Many high street businesses rely on physical sales. In mid-June, most UK shops reopened, with retailers worried whether shoppers would return. For many, there proved to be no cause for concern.
The retail experts on our panel anticipated a lower return on in-store sales when they reopened, but in some cases their stores were actually hitting normal targets. This was unexpectedly positive - they could start to recover the sales they'd lost during the lockdown.
The pandemic may also speed up the growth of alternative business models. Shop closures could lead to more investment in e-commerce. This could increase the dominance of both Amazon and other major e-commerce sites.
Direct-to-consumer models are on the rise in other industries too, with many inspired by the successes of some early adopters. Mattress company Casper avoided retailers and wholesalers, selling all products through its own website. Other companies like Harry’s and Tails.com sell products direct to consumers through a subscription service.
The crisis has undoubtedly changed the future of retail and manufacturing. In a post-pandemic world, the most agile businesses are likely to be the ones enjoying lasting success.
Facing a new type of challenge
The pandemic has proved a unique challenge for manufacturers, in both supply and demand. Where product demands changed, some producers thrived through the crisis by adapting to make goods they may never have considered before.
For example, many companies quickly adapted their usual production lines to make items to help in the fight against the virus:
- Hand sanitiser
- Personal protective equipment (PPE)
Of course, it makes financial sense to make and sell something, rather than nothing. But by playing such a key role at this crucial time, UK manufacturers have proved their importance to the economy and society alike.
Innovating with new products and routes to market can open up lots of exciting new opportunities for businesses. But it’s important to follow proper regulation and protect intellectual property to avoid exposure to risk. We help businesses build the best possible supply chain relationships, protect their assets and finances, and give you the strategic commercial advice you need to succeed.
Senior associate solicitor and commercial law expert, Irwin Mitchell
What Global Trading Will Look Like Post-Coronavirus
The local and international issues caused by the crisis, and what retailers and manufacturers should do to gain advantage.
What Global Trading Will Look Like Post-Coronavirus
The pandemic has impacted retail and manufacturing on a global scale.
What will be the short and long-term effects of the crisis on the supply chain? And what steps will UK businesses need to take to adapt?
Our panellists agreed there were challenges ahead, and shared some insights into the changes they’ve made to ensure success.
Many retail and manufacturing commentators have questioned whether businesses will stop operating internationally in future. Will domestic trading replace cross-border supply chains?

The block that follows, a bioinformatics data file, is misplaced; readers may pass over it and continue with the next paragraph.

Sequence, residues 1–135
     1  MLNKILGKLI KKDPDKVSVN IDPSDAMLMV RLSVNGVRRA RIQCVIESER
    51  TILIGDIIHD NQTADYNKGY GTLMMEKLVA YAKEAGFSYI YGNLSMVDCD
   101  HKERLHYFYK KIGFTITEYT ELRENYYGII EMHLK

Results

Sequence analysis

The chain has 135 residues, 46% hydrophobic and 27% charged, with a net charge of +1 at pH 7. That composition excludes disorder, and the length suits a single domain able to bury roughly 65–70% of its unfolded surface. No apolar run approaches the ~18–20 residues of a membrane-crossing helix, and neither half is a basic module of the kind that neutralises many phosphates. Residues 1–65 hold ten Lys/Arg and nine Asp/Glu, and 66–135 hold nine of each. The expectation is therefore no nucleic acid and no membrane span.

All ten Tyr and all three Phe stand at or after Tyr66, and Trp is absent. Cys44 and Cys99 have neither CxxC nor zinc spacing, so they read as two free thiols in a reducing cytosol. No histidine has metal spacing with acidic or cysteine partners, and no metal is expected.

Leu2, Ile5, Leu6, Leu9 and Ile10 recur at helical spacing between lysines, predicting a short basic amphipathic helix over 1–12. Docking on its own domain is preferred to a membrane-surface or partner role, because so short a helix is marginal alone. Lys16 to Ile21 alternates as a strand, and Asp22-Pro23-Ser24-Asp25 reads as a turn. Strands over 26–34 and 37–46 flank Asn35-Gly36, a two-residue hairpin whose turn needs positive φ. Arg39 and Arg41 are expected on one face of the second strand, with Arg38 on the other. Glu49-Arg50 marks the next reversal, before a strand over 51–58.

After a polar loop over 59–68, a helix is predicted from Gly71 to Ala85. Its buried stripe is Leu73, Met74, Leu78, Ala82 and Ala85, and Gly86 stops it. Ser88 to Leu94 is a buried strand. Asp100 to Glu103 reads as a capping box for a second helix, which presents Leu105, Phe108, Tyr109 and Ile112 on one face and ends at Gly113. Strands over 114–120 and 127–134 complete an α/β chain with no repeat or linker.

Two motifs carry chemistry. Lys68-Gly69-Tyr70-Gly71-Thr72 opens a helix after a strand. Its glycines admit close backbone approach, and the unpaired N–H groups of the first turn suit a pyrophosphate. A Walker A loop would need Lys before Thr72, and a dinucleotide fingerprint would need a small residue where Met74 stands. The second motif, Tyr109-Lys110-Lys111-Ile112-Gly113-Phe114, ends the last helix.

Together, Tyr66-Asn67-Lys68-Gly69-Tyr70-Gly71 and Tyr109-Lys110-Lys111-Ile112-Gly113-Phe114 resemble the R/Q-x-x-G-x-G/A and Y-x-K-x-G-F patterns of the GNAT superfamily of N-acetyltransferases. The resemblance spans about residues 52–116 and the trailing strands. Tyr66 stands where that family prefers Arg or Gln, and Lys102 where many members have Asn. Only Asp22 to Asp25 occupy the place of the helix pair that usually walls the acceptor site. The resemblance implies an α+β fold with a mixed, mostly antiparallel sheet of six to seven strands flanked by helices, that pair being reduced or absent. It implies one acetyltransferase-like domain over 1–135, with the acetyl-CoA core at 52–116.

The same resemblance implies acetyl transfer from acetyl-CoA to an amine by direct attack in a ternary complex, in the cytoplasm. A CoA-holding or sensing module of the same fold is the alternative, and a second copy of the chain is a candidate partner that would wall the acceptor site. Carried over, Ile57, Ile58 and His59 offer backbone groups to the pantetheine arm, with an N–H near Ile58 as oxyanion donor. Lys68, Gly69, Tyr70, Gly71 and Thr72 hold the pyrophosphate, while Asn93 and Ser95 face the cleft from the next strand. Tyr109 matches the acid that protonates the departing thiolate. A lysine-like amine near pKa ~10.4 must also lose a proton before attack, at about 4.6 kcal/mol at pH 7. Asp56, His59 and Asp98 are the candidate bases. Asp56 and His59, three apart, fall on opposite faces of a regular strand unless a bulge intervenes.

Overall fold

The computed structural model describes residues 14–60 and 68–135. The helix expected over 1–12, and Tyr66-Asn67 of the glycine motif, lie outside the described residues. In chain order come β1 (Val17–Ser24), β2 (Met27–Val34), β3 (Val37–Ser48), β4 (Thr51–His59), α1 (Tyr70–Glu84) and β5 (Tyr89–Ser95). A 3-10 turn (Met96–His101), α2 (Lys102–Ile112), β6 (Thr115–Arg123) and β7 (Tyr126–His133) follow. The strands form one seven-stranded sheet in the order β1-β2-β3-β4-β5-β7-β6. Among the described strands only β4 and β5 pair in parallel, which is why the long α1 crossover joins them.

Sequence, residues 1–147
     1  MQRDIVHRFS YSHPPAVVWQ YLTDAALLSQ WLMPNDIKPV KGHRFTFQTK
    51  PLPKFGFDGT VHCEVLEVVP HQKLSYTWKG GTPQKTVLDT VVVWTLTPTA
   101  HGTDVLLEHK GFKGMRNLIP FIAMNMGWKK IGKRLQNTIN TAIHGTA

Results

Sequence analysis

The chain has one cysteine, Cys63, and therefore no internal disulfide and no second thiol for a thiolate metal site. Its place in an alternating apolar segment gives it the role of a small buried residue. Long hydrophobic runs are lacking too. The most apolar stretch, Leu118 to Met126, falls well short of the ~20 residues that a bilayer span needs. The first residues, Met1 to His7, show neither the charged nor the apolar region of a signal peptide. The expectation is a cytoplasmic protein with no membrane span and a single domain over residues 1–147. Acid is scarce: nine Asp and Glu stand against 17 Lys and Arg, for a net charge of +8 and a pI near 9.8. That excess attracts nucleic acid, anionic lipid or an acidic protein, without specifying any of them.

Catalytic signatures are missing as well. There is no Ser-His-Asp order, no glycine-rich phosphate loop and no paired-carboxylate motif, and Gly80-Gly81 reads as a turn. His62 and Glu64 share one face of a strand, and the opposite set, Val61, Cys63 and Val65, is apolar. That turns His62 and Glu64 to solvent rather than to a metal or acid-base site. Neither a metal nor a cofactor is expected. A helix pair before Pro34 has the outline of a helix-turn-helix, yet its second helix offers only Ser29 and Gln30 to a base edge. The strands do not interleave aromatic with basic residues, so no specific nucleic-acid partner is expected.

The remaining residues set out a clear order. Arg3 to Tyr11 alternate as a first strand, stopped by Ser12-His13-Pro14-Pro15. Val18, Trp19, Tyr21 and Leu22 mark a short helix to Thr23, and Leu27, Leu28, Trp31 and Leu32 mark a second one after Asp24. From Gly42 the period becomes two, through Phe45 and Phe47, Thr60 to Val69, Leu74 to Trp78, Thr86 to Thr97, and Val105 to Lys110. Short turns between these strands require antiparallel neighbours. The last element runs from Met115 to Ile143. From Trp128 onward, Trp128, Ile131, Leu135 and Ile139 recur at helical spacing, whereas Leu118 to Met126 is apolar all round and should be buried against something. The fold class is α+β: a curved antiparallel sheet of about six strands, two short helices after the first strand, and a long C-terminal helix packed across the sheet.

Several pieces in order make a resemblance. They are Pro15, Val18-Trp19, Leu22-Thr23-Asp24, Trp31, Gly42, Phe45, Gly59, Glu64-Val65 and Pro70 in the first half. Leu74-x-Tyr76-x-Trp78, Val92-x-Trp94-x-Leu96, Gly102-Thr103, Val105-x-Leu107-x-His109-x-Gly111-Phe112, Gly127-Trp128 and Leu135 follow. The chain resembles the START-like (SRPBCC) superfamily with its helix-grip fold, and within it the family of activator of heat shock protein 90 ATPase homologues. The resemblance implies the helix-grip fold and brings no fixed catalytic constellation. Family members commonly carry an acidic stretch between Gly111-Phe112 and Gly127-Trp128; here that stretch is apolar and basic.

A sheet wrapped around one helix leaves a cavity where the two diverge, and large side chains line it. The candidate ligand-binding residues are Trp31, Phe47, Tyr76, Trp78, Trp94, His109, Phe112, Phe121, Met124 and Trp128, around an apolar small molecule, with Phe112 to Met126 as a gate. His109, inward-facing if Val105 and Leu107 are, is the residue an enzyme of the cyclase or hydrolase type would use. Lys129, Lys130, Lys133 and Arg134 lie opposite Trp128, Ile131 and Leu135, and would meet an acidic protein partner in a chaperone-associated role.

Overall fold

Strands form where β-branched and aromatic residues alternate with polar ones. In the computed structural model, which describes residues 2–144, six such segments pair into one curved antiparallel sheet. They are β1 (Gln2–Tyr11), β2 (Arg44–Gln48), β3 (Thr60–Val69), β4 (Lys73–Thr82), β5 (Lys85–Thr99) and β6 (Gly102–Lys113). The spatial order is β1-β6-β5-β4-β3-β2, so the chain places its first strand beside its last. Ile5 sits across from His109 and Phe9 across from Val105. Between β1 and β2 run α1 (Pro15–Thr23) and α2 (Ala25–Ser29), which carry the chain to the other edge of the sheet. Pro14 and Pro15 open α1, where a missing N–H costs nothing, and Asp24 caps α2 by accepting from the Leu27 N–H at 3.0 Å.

According to our panellists, the simple answer is no.
Today, businesses of all sizes deal with overseas partners at some point. Even the coronavirus crisis won’t change this anytime soon.
But the pandemic has highlighted some issues that businesses need to consider in future.
China is classed as an emerging superpower, with many industries relying on its goods and services. The disruption caused when it became the epicentre of the coronavirus crisis was felt around the world.
The Chinese New Year always has some impact on the global supply chain, as workers down tools and factories close for the holiday. In 2020, Chinese New Year coincided with the coronavirus pandemic, something no-one could have planned for.
As the virus spread, travel ground to a halt. For businesses, this made sourcing goods harder and more expensive.
At the height of the pandemic, many travel hubs closed completely. One of our panellists reported that from their usual airport, just a single cargo aeroplane was flying out a week.
The crisis also affected sea freight, with fewer tankers in use and delays at shipping ports. A panellist revealed they’d rented consolidation space in Southampton and Shanghai as a result, leading to extra costs they’d not budgeted for.
With less transportation available, shipping costs have soared.
Businesses may want to ensure their supply chains allow for this in their future contingency plans.
Other industries have been impacted in unique ways. Food and drink businesses source many raw products grown in only one place. When that place is locked down, some orders were unable to be filled. These businesses may want to ensure their revenue streams aren’t dependent on these products.
The crisis is an extreme example of supply chain disruption. But for retailers and manufacturers, it highlights the importance of spreading risk.
The broken global supply chain has forced many retailers and manufacturers to seek alternatives.
Some businesses are unable to source from producers in the UK and Europe. But the crisis has made every industry consider the benefits of having supply chain links closer to home.
Our panellists discussed the advantages of a multi-tiered supply chain. Businesses with different suppliers both in the UK and abroad put themselves at lower risk.
According to our panel, it’s in the national interest for UK industries to avoid relying solely on overseas suppliers. Simply put, the longer your supply chain in distance, the more chance there is of it being hit by overseas restrictions or other risk factors. Our participants stressed that the government needs to put the right infrastructure and investments in place to mitigate this.
The crisis has been a wake-up call for supply chain businesses. If retailers and manufacturers embrace new ways of working, they could see greater success than ever. The key consideration, though, is how to meet the demands of an increasingly conscious consumer.
Why Sustainability Matters Now More Than Ever
The benefits of making and selling sustainable goods for businesses, customers and the planet.
Why Sustainability Matters Now More Than Ever
Before the crisis, most people would have thought it impossible that the modern world could be brought to a halt by an infectious disease.
One consequence of the pandemic is that people are now more aware of their impact on their surroundings, and each other.
As a result, retailers and manufacturers could be under more pressure than ever to do business ethically and sustainably.
The challenge, according to our panellists, is to balance doing what’s right with doing what’s profitable.
Keeping the planet healthy